(Christopher Nolan, 2014)
Reviewed by Dave Lancaster
Summary: An epic adventure that shakes up what a film can really be, Christopher Nolan's 'Interstellar' shines very brightly indeed.
'Interstellar' is something else. More than just a film - a hypothesis on existence itself. Grief, love, yearning, learning - it's all here if you look to the stars that Christopher Nolan is casting across the screen.
Nolan's influences may seem obvious at first - without Fritz Lang's 'Frau Im Mond' and Stanley Kubrick's '2001', it's hard to imagine this save-the-world-while-examining-ourselves ship taking off.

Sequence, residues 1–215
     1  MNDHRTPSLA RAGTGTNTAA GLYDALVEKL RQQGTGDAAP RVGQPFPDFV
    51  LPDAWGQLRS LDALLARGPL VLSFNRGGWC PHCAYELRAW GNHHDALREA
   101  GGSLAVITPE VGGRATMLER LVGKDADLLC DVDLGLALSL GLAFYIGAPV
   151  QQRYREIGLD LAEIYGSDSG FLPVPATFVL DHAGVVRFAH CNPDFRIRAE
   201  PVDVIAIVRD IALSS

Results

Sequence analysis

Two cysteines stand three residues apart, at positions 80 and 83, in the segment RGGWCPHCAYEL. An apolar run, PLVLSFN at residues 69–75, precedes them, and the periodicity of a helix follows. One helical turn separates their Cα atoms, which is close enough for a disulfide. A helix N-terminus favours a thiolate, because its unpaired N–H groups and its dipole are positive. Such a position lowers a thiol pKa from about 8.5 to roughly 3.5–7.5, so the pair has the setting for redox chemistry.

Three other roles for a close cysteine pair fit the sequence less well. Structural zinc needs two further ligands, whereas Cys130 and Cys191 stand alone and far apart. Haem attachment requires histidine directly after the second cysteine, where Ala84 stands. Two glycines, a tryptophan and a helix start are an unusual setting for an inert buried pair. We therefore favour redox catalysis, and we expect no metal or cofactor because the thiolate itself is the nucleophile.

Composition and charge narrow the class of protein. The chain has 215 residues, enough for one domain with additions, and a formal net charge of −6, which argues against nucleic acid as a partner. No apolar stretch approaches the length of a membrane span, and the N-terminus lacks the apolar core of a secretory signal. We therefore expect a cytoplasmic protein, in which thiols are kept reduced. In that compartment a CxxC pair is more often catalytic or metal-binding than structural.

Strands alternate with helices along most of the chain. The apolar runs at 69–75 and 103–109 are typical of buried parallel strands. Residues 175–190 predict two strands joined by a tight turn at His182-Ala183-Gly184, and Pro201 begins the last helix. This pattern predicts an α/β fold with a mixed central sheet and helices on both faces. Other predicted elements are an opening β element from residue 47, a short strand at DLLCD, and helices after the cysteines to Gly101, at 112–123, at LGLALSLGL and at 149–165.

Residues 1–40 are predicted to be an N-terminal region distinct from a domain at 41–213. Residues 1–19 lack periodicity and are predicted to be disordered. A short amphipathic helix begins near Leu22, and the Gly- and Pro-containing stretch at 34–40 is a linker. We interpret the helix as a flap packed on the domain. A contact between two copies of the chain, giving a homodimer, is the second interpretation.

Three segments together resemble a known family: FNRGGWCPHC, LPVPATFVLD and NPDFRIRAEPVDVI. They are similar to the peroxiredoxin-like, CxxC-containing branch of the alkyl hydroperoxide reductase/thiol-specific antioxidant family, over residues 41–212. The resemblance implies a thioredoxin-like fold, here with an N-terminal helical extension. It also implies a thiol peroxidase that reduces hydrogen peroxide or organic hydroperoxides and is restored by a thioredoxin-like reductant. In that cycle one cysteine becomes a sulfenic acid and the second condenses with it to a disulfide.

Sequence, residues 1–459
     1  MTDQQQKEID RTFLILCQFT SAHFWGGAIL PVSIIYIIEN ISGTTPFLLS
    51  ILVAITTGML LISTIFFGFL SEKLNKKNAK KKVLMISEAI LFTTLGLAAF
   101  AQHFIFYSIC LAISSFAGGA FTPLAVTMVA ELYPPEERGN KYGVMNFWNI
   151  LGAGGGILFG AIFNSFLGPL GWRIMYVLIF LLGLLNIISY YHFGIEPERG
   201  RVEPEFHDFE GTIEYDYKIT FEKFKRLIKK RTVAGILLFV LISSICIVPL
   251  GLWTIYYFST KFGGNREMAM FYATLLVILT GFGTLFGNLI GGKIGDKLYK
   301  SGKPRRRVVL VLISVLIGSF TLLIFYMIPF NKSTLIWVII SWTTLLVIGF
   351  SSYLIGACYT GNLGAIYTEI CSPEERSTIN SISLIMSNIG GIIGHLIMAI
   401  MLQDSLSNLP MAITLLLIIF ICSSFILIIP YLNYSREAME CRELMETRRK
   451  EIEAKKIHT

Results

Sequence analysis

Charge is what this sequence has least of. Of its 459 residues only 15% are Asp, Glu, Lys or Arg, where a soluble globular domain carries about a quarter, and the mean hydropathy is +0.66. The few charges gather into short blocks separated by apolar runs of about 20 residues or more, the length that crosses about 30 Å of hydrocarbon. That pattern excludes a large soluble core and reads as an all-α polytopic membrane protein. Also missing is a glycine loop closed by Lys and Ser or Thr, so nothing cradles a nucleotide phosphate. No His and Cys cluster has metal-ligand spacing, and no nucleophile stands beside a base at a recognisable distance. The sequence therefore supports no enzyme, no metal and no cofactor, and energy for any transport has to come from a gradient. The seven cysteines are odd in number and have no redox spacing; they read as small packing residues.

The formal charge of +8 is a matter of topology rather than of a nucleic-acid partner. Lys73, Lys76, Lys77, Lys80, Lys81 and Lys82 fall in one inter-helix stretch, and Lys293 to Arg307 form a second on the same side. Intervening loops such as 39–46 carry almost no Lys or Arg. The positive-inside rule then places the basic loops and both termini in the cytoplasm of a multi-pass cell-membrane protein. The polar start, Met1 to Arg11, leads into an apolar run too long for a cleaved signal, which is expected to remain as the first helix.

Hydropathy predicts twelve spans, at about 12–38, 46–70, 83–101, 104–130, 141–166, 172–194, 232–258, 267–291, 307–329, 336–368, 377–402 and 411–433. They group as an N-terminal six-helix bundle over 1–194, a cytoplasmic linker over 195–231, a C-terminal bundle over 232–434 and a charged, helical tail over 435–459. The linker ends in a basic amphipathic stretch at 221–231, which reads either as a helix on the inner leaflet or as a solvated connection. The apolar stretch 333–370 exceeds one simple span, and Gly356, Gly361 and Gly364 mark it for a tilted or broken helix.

But it's no tribute act to classic science fiction, it's more genre-spanning than that. A generational epic of Steinbeckian proportions, 'Interstellar' is almost like 'The Grapes of Wrath' and 'East of Eden' with a sci-fi spin.
There's a dash of John Huston's 'The Treasure of the Sierra Madre' in there as well (with Matthew McConaughey proving to be a fine modern day equivilent to Bogart) and a wink the direction of the graceful beauty of Terrence Malick too.
Sacrifice and survival and the revelation that the two are interlinked throughout space and time dominates Nolan's picture as it swings between family drama, sci-fi, adventure and experimental. Because its anchors are so primal, the audience's grip is maintained even when a subplot in the middle involving a miscast megastar threatens to derail it all.
But comparisons on components aside, there's no denying that when you add it all together 'Interstellar' is daringly original. And for that reason, you must see it.